Half of the Characters Did Not Need To Be Here
Tracy Strauss. Tracy Strauss. Tracy. Freaking. Strauss. Last night’s subplot about the Buried Bennets had all the makings of a Hitchcockian thriller: Would Claire have to watch her father run out of oxygen, and then spend months digging herself out? But suddenly, a little bit of water trickled in, and hello Ali Larter, haven’t seen you in weeks!
The resolution of this plotline was so silly, such a complete Deus Ex Machina situation, that the scene literally ended in ellipses. Noah Bennet and Claire were freed – I guess Tracy turned them into water, or something, what? Noah’s galpal Lauren said, “I called a helicopter!” A helicopter appeared, right on cue. Noah looked down into a pool of water: Where’s Tracy? Claire: “She said you owed her one.” And they left. So I guess Tracy Strauss is just chilling out in the buried trailer now? Is that her new home?
Literally half the cast of Heroes is extraneous now. Matt Parkman started the season just wanting a normal life, and ended the season wanting the same. He had a Sylar brain tumor, but then that was cured. Mohinder Suresh made a few very brief but time-consuming appearances. His whole contribution to the season was to put Samuel on the path toward genocide, and to fix a compass. Tracy Strauss wanted her old life back, but then she didn’t, and now Noah Bennet owes her a favor. Ando is basically just there to give Hiro someone to talk to in Japanese and to supercharge his powers, because Hiro is only the freaking master of Time and Spaces. Oh, and Emma played her cello.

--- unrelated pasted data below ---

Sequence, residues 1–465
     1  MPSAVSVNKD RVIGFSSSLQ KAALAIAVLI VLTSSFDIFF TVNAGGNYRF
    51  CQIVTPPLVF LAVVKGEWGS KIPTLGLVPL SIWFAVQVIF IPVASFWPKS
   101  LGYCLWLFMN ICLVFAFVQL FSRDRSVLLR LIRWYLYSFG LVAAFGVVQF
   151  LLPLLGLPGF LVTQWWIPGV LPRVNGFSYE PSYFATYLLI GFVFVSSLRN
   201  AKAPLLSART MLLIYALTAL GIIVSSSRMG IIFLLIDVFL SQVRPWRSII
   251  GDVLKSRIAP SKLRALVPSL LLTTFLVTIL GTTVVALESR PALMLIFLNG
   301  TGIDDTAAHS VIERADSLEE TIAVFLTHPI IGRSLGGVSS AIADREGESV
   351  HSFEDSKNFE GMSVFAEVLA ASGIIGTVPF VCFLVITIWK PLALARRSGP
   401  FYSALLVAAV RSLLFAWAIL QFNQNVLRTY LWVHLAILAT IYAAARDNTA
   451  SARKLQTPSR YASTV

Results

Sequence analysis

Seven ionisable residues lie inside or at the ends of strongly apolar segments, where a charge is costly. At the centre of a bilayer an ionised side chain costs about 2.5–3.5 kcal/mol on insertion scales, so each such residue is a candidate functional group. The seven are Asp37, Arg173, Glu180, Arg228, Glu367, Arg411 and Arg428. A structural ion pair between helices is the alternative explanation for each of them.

The worst misstep of the season, though, was Hiro Nakamura. His whole entire purpose, his raison d’etre this season, was to teleport Samuel’s Special Army away, because they couldn’t run fast enough. That was the complete end result of a season of slow-tumor-death and time traveling and idiot amnesia and diner courtrooms led up to. The subplot on last night’s episode about Hiro and Old Charlie seemed to come out of the worst episode of the UPN version of The Twilight Zone. They couldn’t even bring back Jayma Mays? If Hiro’s plotline from this season were its own show, it would be the worst TV show ever.